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Timing the Freezout Lake waterfowl migration

Freezout Lake
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Posted at 4:33 PM, Mar 15, 2021
and last updated 2021-03-15 18:33:22-04

FAIRFIELD — The old adage of “timing is everything” applies to many aspects of life, but it is also relevant for people who want to see the migrating waterfowl at Freezout Lake Wildlife Management Area near Fairfield.

During a typical spring, several hundred thousand migrating ducks, geese, swans, and other birds pass through the area on their way to northern nesting grounds. Freezout provides an important place for them to stop, rest and refuel on their journey.

The wildlife management area, managed by Montana Fish, Wildlife, and Parks, has also become popular with birdwatchers and anyone who wants to enjoy the chance to witness this natural spectacle. On a busy weekend during the peak of the migration, hundreds of visitors from across Montana and nearby states drive the roads at Freezout, waiting to catch sight of thousands of birds loafing on the area, lifting off the water to fly out and feed in nearby grain fields or continue their migration north.

Timing of a visit is critical. Although March is the peak month to see birds in the spring, it’s important to choose a day when large numbers of birds are present. Changing spring weather systems result in a constant string of waterfowl arriving and departing to continue their northward migration. In an average year, the last week to 10 days of March typically sees the largest number of migrating waterfowl.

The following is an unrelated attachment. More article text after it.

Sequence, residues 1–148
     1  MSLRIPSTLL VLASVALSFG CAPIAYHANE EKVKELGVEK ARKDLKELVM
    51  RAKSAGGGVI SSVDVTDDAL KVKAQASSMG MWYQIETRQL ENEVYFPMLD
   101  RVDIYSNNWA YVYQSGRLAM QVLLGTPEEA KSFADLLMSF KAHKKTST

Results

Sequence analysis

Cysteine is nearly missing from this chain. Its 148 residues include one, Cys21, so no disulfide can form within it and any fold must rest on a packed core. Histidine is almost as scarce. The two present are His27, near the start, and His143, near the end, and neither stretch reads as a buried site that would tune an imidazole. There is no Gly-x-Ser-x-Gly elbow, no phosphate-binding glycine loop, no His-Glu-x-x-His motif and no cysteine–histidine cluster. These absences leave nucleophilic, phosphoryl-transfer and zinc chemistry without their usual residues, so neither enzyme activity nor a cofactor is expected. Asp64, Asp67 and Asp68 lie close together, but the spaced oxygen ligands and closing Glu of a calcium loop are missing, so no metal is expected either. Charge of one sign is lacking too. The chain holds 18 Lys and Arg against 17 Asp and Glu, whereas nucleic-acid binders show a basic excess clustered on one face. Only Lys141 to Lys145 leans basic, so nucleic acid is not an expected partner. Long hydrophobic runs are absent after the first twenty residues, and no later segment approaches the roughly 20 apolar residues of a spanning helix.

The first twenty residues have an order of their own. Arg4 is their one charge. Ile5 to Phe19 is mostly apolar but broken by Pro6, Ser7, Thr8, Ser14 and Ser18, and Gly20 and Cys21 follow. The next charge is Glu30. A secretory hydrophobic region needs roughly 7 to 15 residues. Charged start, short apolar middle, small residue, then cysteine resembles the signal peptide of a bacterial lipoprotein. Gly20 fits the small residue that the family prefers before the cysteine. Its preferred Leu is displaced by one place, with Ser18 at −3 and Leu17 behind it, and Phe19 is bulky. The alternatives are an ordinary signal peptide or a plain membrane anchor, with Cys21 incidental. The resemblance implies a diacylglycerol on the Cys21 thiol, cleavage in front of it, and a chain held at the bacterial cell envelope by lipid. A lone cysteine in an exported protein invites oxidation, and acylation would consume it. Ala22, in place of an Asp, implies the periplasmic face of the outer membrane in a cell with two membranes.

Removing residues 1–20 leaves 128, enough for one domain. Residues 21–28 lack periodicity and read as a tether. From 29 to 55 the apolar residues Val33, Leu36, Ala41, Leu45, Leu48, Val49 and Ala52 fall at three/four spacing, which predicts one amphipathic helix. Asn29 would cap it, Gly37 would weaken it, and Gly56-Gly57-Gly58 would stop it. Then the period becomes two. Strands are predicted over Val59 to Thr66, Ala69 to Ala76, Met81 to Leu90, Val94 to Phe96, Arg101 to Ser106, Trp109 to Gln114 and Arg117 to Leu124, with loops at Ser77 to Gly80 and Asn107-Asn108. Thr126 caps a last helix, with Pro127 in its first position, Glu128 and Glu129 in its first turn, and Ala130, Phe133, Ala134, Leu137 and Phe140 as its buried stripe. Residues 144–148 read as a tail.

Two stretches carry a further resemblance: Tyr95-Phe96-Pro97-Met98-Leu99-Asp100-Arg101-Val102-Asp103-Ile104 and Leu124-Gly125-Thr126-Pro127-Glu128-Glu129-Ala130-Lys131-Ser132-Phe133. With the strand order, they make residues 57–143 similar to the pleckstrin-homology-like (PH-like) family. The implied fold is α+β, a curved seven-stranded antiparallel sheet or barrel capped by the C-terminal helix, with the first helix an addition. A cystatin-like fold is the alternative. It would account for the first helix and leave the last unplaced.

Paying careful attention to the time of day can help wildlife watchers see more birds. Visitors should be aware that during mid-morning and mid-afternoon time periods the birds may be out feeding in surrounding fields and may be difficult to spot. By arriving early in the morning or later in the afternoon and being patient, visitors can increase their odds to witness one of the greatest wildlife migrations through Montana.

In past years, visitors relied upon a telephone message recorded by Freezout-based FWP staff for updates on bird migration status. Recently, staff have transitioned to a web-based platform. This new web page contains updated information on bird numbers, weather patterns and the overall status of the migration, as well as other WMA information. Click here to visit the page.

HOW TO GET THERE: About 40 miles northwest of Great Falls along US Highway 89 between Fairfield and Choteau - Access to area from US Highway 89, or Frontage Road from Fairfield, to various turnouts and parking areas year-round.